Now, I don’t know what that sentence says to your brain, but to mine it said, “Public Domain” loud and clear! And so I was off and running to research old puzzles. Seeing how they were crafted metal objects, my first thought was to look for patents. After all, designs of physical objects would be covered by patent rather than copyright. While it took me a while to find what I was looking for (you would think “puzzle” would be a good keyword to start with…it wasn’t), I did eventually begin to uncover the goodies. A few examples are included below.
One of the cool advantages, of course, to finding these puzzle patents is that they describe how to solve the puzzle! Not that I would cheat…takes all the fun out of solving them…but good to know, nonetheless. Also, because most patents before 1995 are now in the Public Domain (the average patent term is 14 years and cannot be renewed as-is), you can use the information in them to create your own versions of the puzzles, if you chose to do so. That’s why you see so many variants of the Rubik’s Cube now…the original patent has expired, providing the opportunity for others to create something similar or better! Gotta love free enterprise!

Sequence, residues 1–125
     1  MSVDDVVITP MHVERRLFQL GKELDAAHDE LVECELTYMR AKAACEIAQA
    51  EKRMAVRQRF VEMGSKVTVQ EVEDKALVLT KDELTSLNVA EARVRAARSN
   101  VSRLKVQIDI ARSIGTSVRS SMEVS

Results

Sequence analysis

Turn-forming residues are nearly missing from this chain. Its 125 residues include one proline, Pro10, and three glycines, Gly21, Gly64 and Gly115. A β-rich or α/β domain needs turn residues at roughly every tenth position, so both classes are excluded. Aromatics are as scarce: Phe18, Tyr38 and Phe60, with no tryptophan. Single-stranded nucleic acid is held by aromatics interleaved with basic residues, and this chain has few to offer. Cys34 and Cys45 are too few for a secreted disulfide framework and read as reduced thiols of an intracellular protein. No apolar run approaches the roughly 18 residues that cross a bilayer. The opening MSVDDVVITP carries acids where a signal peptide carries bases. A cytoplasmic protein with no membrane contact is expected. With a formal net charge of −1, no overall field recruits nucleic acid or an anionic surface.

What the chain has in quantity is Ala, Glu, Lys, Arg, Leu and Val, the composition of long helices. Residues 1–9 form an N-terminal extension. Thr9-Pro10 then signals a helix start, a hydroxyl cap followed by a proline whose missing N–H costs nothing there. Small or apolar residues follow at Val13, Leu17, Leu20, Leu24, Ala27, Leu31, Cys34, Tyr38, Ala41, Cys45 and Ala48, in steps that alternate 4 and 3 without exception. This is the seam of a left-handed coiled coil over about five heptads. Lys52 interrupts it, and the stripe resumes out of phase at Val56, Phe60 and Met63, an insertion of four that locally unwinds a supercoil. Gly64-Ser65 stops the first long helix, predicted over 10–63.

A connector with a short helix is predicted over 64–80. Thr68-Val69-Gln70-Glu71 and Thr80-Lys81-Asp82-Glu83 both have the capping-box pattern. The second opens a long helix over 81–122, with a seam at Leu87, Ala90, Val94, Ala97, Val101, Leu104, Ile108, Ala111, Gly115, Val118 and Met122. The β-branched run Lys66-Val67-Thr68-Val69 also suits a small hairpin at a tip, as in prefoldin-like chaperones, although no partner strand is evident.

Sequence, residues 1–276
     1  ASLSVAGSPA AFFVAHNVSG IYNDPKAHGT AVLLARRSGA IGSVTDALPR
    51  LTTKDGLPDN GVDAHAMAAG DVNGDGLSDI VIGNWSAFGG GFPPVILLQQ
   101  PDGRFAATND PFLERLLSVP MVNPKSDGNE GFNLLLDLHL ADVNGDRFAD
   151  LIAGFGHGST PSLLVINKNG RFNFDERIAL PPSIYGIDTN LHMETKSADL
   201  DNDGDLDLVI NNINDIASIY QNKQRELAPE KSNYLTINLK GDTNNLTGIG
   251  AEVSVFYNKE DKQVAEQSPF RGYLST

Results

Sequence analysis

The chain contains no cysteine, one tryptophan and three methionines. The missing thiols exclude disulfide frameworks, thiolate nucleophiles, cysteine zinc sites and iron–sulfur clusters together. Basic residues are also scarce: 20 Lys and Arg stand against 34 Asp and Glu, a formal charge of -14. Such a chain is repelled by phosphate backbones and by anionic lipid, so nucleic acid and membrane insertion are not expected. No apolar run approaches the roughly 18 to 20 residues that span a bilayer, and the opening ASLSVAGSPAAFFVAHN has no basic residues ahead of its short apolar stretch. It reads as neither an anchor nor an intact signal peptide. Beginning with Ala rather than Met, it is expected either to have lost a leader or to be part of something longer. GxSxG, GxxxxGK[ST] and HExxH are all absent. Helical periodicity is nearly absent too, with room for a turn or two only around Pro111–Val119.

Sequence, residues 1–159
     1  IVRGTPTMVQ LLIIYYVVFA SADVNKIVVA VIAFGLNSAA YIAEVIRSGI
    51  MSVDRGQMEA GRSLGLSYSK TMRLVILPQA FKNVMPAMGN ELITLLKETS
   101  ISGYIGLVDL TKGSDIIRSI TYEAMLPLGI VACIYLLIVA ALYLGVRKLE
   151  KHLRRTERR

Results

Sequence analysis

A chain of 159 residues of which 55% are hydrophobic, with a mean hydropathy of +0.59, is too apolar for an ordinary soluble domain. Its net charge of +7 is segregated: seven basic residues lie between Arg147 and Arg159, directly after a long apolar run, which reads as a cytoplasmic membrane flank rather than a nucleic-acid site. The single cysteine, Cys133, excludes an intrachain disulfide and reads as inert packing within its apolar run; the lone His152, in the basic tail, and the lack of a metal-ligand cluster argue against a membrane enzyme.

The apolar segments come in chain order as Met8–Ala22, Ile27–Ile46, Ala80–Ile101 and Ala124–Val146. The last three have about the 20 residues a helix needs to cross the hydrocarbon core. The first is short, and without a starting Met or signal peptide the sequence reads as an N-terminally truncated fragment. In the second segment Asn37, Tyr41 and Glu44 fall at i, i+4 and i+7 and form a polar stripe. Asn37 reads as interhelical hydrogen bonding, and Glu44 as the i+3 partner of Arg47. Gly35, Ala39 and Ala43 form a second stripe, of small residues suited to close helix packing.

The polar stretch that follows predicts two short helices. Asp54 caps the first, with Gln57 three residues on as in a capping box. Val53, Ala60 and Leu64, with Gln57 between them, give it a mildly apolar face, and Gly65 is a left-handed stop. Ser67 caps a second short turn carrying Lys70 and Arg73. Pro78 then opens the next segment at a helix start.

Essentially, that’s what Hanayama did after finding the old British puzzles…he recreated them with a touch of his own creativity to re-introduce the puzzles to a new generation of puzzle lovers. And, after all…isn’t THAT what the Public Domain is all about?! You BET!